My thoughts:
This graphic novel is one where I am overjoyed to have read. Sure, I am well beyond the demographic (middle schoolers) but even I thoroughly enjoyed it, and will introduce it to the young people in my life! The book did so much right:

- It did a realistic depiction of middle schoolers and middle school: forget hyper-sexualization, excessive mature drama, or feeling like the characters are adults speaking through them. It shows how kids don't always initially approach problems the most mature, and the intense social pressures of middle school.
- There is a lot of natural feeling representation, some of it being: Diné, messy home life, and more.
- Presents the idea that your hobbies don't have to "contribute" to something greater to be worth something.
- Shows how much pressure for some meaningless things (such as young student council) is pushed onto children who may not want to engage in it.
- Shows a wholesome, beautiful way for characters to make up
- The main characters don't always win: and that's okay!

This was very enjoyable, and I recommend finding a copy for yourself and/or someone young in your life.
I really can't even find a thing I dislike about this graphic novel: great art, great storyline for middle grade, and while a bit generic in school plot, still very fun and a real page-turner!
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A middle grade graphic novel about navigating new friendships and old ones in middle school, all played out in the realms of Dungeons and Dragons. I really liked how diverse the players were in the club, which is a great alternative to how we traditionally see D&D being played (mainly white male players). I thought the book did a great job in showing the stress/anxiety behind the idea of making new friends, while also showing how important it is to include others and branch out in terms of making new friends.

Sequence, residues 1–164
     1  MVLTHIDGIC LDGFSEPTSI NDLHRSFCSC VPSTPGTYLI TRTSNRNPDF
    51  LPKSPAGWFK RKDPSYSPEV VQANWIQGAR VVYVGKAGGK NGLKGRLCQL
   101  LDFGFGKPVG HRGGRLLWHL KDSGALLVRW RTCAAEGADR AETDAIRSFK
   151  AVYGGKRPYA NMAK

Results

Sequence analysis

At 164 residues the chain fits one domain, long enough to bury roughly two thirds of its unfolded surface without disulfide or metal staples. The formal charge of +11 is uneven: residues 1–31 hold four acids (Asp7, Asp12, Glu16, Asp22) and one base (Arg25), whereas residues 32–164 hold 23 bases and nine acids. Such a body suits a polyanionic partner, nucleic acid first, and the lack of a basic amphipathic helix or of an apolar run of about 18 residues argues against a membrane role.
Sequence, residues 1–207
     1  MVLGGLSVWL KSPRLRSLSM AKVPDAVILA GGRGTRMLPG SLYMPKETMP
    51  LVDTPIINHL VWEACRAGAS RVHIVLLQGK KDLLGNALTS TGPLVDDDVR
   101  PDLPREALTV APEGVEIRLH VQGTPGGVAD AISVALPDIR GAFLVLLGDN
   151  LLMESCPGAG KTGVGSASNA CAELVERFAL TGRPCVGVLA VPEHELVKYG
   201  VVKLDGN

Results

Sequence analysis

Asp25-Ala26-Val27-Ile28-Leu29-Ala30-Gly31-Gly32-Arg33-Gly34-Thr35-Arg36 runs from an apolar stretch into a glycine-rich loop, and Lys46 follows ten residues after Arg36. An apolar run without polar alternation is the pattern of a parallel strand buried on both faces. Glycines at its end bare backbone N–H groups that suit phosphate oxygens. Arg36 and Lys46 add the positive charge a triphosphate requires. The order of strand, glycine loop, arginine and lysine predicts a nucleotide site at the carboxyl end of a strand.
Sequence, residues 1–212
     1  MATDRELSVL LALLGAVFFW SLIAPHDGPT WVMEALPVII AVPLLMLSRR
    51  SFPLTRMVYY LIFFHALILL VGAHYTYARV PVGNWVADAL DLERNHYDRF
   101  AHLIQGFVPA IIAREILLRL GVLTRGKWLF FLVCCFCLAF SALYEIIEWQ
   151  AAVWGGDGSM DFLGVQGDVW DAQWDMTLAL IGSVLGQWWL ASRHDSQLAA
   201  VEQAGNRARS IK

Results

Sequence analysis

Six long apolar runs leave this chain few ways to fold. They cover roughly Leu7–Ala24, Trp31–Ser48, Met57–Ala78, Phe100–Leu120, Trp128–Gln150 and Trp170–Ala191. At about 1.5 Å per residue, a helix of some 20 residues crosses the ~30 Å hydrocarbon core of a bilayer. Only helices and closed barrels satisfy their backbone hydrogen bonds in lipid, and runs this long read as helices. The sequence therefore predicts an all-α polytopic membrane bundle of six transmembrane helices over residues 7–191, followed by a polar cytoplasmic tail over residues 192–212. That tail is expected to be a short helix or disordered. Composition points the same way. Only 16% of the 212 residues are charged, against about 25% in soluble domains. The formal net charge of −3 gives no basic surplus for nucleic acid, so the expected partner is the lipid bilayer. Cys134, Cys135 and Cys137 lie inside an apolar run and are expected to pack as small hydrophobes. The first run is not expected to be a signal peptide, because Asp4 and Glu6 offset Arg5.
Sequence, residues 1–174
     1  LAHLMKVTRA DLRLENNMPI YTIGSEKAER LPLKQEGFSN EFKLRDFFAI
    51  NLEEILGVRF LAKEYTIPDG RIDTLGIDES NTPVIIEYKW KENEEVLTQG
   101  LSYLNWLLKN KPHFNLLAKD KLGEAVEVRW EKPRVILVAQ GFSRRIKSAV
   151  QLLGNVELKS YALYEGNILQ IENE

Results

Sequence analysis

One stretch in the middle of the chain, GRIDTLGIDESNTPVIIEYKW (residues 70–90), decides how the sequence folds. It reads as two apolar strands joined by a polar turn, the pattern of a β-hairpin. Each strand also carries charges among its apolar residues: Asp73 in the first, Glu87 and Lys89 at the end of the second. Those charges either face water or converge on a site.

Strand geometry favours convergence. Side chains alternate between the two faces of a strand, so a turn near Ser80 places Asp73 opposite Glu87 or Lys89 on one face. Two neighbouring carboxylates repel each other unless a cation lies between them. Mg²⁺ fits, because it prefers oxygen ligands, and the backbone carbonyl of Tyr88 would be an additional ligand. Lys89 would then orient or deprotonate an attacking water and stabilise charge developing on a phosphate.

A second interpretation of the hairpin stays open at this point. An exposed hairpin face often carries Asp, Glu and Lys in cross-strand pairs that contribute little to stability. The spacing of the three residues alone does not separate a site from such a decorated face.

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Thanks to Netgalley and HarperCollins for providing me with an ARC in exchange for an honest review. 

What an absolutely precious book. I’m a sucker for D&D and I loved the little character sheets for all the characters here. The friendships were wonderful and I found myself actually getting a bit invested - even though I’m not the target audience I found myself caring about these kiddos and wanting to read more about them and their lovely little D&D group.
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realistic middle school fantasy adventures and this graphic novel has some aspect of emotional-ness through scenes where the characters in the book have to solve and go through the problems they are facing
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Thank you to NetGalley and the publisher for providing me with an advanced copy of this book in exchange for an honest review.

4 stars.

Spoilers ahead. I will not reveal anything big - most of the review vaguely alludes to plot, structure, and characters.


I am so, so glad to see books about Dungeons and Dragons coming out that allow younger kids to get into the game in an age-appropriate way - like books, Dungeons and Dragons is for everyone. This is a very cute middle grade graphic novel about the social, emotional, and general benefits of roleplaying games and Dungeons and Dragons in general - we can see how the characters use it to navigate their own problems and expand emotionally and socially. The art is so cute and very accessible - which I mention because sometimes Dungeons and Dragons art is needlessly intricate and intimidating for newbies. Overall, this is a lovely, heartfelt story about coming to terms with change and growth while navigating the challenges of *gasp* middle school.


Again, thank you to NetGalley and the publisher for providing me with an advanced copy of this book in exchange for an honest review.